Government and Administrative Law

Respond to creditors’ demands, stat!

20 September, 2018

A claim against Sunshine Coast Regional Council for misfeasance in public office, trespass and negligence; Do councils and statutory authorities owe a duty of care to ensure officers’ act within power?

Mr Cleret was the owner and operator of a restaurant.  In proceedings heard before Justice Lyons in the Supreme Court of Queensland, Mr Cleret claimed damages against Ms Brooks, a food inspector employed by Sunshine Coast Regional Council (the council) for misfeasance in public office, negligence and trespass.  The factual matrix of the matter revolves around a series of inspections of Mr Cleret’s restaurant by Ms Brooks, resulting in a notice being served suspending Mr Cleret’s licence to operate pursuant to the Food Act 2006 (Qld) (the Act).

Misfeasance in public office

Mr Cleret contended that the suspension of his licence was a deleterious act to cover up for the council’s “abuse of power and irresponsible behaviour, unbecoming of an authorised person”.  The imposition of the suspension without following the show cause procedures and for a period of longer than 30 days was motivated by the rush to fix the mess created by the council.  Both the council and Ms Brooks engaged in punitive action with the desire to teach him a lesson for challenging their deemed authorities.  The conduct was calculated to cause damage to Mr Cleret, done with reckless indifference of the Act in order to maximise the harm caused.  Both Ms Brooks and the council knew that their acts were beyond their powers and involved a considerable risk of harm; alternatively, Ms Brooks and the council recklessly disregarded the means of ascertaining the true extent of their powers.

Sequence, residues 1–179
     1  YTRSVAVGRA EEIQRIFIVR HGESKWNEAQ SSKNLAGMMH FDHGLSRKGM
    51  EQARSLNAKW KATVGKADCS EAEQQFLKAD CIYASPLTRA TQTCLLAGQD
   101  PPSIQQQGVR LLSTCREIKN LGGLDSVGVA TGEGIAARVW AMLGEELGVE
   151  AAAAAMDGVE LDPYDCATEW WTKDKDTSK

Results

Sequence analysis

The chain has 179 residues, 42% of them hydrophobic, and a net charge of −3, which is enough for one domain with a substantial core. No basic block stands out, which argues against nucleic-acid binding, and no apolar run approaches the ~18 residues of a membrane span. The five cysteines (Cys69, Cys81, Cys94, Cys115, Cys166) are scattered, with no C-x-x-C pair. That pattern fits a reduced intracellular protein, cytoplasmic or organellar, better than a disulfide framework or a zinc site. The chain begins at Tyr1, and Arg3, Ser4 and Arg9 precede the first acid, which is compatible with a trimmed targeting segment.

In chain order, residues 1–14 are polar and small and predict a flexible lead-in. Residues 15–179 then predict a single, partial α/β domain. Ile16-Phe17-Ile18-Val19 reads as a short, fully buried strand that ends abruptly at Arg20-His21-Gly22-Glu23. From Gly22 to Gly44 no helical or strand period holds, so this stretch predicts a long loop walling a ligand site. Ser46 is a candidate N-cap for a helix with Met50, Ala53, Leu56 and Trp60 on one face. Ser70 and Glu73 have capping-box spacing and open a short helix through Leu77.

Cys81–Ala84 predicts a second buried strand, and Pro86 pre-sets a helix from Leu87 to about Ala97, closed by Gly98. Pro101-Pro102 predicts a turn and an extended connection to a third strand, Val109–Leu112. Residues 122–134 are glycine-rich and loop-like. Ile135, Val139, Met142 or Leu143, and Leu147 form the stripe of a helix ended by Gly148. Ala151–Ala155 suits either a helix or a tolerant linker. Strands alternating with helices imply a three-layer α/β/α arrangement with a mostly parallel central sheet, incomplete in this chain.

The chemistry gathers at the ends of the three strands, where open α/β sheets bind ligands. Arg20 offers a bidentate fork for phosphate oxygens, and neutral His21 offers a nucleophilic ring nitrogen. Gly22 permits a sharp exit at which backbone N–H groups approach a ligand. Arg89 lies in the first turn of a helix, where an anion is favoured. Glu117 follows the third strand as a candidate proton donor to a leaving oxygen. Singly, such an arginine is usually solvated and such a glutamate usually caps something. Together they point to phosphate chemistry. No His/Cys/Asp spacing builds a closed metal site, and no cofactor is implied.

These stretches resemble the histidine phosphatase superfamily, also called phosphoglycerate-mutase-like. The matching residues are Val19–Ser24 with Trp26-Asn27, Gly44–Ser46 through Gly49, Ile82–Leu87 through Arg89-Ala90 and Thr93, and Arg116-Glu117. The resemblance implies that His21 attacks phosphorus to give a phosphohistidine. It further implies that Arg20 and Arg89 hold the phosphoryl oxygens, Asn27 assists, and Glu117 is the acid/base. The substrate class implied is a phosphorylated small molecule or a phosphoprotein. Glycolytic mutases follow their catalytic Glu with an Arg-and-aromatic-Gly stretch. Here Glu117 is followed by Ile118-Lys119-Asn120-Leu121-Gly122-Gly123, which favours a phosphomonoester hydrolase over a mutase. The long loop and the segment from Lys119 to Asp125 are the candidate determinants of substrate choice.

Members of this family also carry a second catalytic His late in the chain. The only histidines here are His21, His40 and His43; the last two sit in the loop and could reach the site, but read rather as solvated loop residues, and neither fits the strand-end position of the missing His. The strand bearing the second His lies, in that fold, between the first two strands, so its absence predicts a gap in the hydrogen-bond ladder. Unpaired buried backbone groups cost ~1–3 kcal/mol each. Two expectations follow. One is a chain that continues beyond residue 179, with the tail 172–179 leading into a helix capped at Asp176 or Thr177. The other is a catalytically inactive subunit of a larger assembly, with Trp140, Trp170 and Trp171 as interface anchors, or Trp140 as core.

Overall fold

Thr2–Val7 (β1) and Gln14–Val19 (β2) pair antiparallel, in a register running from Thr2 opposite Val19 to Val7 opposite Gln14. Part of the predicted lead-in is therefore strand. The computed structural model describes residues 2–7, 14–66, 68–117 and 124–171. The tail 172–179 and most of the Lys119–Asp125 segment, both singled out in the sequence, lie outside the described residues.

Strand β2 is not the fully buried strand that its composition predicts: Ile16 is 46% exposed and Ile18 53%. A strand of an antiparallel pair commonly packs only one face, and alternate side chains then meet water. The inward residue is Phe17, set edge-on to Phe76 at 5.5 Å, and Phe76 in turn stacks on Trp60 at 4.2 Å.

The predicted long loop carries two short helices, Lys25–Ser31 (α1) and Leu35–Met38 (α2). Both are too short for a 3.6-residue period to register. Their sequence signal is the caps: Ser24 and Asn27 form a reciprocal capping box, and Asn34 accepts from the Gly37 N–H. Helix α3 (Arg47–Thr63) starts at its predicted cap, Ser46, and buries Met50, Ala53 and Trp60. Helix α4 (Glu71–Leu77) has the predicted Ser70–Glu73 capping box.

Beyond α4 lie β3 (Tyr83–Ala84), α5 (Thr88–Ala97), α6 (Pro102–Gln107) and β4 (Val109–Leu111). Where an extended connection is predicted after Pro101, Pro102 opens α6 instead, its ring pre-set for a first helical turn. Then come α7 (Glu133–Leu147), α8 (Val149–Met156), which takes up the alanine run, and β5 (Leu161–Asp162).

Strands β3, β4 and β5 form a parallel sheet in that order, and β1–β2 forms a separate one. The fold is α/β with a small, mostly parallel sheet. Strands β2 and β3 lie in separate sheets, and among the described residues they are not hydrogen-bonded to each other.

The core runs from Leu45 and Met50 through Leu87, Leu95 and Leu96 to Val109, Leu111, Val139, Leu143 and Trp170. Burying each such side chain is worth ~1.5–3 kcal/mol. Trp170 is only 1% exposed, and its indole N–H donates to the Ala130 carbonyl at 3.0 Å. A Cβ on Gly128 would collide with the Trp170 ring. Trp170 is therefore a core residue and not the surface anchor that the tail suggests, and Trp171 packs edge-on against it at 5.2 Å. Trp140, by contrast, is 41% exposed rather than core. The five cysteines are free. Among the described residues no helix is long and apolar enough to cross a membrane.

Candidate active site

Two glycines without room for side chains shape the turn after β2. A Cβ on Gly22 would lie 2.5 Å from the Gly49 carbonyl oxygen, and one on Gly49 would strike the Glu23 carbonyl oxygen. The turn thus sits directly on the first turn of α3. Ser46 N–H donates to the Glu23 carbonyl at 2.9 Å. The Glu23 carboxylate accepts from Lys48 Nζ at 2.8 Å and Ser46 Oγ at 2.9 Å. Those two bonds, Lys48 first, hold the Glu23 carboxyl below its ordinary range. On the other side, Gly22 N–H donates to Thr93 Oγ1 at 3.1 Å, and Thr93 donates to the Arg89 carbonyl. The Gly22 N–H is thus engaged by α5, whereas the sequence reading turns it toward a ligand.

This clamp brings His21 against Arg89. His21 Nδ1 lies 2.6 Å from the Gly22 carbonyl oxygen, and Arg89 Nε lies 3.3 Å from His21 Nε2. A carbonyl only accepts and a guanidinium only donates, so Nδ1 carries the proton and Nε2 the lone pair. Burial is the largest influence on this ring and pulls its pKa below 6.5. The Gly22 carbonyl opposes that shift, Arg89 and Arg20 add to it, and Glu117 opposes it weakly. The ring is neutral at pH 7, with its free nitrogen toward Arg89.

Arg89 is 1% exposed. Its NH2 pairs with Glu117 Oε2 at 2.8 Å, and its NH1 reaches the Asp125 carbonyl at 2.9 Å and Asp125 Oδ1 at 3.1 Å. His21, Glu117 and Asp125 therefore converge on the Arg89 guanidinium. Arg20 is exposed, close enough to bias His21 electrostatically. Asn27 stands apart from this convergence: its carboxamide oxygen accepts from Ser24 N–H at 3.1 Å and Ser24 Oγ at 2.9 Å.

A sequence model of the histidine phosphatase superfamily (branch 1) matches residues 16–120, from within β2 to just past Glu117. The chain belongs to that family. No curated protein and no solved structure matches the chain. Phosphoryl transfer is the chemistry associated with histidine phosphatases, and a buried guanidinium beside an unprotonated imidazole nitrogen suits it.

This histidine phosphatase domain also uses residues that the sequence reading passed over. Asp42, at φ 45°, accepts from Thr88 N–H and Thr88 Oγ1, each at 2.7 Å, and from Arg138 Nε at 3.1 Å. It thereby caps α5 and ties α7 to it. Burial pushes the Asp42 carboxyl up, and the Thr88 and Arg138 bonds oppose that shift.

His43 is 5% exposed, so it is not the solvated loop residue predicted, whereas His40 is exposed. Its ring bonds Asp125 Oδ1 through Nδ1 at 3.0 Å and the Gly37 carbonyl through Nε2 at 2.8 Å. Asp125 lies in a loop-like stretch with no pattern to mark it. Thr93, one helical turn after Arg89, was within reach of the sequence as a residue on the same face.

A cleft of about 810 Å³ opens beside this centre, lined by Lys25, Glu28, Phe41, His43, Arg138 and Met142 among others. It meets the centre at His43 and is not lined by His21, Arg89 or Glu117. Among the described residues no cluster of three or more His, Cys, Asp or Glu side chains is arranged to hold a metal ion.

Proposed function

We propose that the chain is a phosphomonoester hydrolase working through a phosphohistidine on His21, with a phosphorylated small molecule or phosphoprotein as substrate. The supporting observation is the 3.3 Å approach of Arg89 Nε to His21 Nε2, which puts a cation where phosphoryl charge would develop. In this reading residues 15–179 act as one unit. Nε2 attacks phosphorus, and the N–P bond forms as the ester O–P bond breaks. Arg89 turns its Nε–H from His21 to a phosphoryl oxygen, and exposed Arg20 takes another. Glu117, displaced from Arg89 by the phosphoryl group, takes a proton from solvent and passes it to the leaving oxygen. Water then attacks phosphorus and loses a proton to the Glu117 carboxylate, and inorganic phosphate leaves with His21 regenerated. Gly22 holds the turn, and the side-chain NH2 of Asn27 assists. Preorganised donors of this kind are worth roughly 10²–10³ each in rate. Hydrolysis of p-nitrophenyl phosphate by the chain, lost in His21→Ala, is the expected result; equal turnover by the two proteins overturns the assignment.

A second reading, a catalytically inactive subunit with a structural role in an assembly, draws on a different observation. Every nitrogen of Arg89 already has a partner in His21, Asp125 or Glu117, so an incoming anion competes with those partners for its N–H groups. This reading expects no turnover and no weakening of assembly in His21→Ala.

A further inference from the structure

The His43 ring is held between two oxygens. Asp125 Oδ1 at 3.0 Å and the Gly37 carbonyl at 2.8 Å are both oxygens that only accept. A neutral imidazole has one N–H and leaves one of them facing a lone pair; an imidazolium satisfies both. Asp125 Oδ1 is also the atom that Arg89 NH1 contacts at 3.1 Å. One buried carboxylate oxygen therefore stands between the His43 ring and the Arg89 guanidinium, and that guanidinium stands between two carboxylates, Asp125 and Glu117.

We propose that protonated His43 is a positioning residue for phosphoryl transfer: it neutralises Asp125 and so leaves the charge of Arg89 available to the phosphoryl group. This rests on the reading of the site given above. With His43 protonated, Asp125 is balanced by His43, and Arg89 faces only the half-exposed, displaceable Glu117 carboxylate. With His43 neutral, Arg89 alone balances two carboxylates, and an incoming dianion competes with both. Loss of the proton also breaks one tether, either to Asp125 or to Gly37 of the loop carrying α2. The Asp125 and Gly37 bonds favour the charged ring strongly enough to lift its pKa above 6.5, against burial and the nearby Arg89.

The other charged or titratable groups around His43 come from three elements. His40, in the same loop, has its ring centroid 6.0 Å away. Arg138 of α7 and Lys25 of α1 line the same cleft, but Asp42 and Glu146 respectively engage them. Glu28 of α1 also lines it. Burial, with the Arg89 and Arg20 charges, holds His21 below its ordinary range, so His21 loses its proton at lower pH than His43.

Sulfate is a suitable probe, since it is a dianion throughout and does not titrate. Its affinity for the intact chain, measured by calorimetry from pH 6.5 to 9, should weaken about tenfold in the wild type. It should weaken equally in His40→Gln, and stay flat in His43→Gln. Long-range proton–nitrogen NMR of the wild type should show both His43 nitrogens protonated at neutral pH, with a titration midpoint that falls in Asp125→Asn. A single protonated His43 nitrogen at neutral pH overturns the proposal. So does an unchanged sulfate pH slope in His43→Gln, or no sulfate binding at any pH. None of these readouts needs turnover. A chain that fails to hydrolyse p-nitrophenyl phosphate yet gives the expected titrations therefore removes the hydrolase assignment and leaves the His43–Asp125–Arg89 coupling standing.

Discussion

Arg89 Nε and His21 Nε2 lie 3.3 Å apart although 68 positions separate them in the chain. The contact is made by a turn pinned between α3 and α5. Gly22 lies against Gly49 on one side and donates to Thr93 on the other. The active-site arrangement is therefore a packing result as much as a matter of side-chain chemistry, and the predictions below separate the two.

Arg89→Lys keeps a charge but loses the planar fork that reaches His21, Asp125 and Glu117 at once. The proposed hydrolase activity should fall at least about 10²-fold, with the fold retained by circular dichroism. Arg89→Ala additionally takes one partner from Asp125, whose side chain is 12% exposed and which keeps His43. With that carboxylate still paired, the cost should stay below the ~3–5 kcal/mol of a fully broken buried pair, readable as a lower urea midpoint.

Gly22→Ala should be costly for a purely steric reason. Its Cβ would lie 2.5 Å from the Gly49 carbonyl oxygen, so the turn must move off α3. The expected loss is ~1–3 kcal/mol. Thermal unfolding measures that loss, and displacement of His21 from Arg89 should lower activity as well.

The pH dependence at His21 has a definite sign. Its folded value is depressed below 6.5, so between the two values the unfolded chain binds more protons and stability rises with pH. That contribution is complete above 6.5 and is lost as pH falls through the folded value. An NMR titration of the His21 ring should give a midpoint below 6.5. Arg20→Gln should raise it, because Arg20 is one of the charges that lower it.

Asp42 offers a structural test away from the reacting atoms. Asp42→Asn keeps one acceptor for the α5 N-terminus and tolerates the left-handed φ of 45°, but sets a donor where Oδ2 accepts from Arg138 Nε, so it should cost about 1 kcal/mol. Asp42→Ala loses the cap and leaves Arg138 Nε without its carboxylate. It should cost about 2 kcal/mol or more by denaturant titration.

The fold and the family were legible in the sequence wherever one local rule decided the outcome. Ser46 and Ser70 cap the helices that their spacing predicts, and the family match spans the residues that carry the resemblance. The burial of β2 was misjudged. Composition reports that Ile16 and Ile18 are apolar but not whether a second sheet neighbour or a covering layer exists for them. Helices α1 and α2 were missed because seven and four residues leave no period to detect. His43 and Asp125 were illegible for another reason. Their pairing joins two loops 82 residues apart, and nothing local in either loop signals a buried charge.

Ms Brooks and the council denied Mr Cleret’s allegations, stated that the restaurant posed an immediate and serious risk to public health and safety and that the damage suffered by Mr Cleret was not reasonably foreseeable.  Ms Brooks and the council denied malice and submitted that there was no evidence from which an inference of malice could be drawn.  It was however, conceded that Ms Brooks did not have the power to suspend Mr Cleret’s licence or direct him to cease trading.

After considering the available evidence, Lyons J found that the actions of Ms Brooks were not motivated by malice.  She believed that she had the power to temporarily suspend Mr Cleret’s licence and in the absence of evidence to the contrary Mr Cleret failed to establish that she knew she was acting beyond of her powers.  As for the council, Lyons J found that notices served upon Mr Cleret were incomplete and inaccurate.  Notwithstanding this, Lyons J accepted evidence given by a council officer and found that the actions of the council were not motivated by malice and that the officer did not act knowing that his conduct was beyond the power conferred upon him.


Mr Cleret submitted that he saw the trespasses more in terms of aggravation of the level of harassment, criminal offences and an abuse of power by the council, and did not claim relief for the cause of action.  Lyons J accepted the evidence of Ms Brookes that she entered Mr Cleret’s premises for a purpose authorised by the Act and therefore found that she had not committed trespass.

Negligence and breach of duty

Mr Cleret alleged that Ms Brooks and the council had a duty to exercise their powers in a lawful manner, which they breached by consciously, wrongfully exercising their powers under the Act.  Mr Cleret further alleged that the council owed him a duty of care to ensure that the provisions of the Act were complied with and to ensure that authorised persons which it retained complied with the provisions of that Act.  Mr Cleret alleged that it was foreseeable that, if the council did not comply with these duties, he would suffer damage.

Ms Brooks and the council denied Mr Cleret’s allegations.  As Mr Cleret’s loss was purely economic, a duty to exercise statutory powers in a lawful manner will only arise in exceptional circumstances.  The duty to protect the public from an unhygienic kitchen outweighed any duty owed to Mr Cleret in relation to the procedure to be adopted at the time of suspension of the licence; Perre v Apand Pty Ltd (1999) 198 CLR 180 at 220.

Lyons J found that Mr Cleret failed to demonstrate that his loss was caused by the conduct of Ms Brooks.  Accordingly, Lyons J declined to consider whether Ms Brooks, and the council to the extent to which it was vicariously liable for her actions, owed and had breached the duty of care.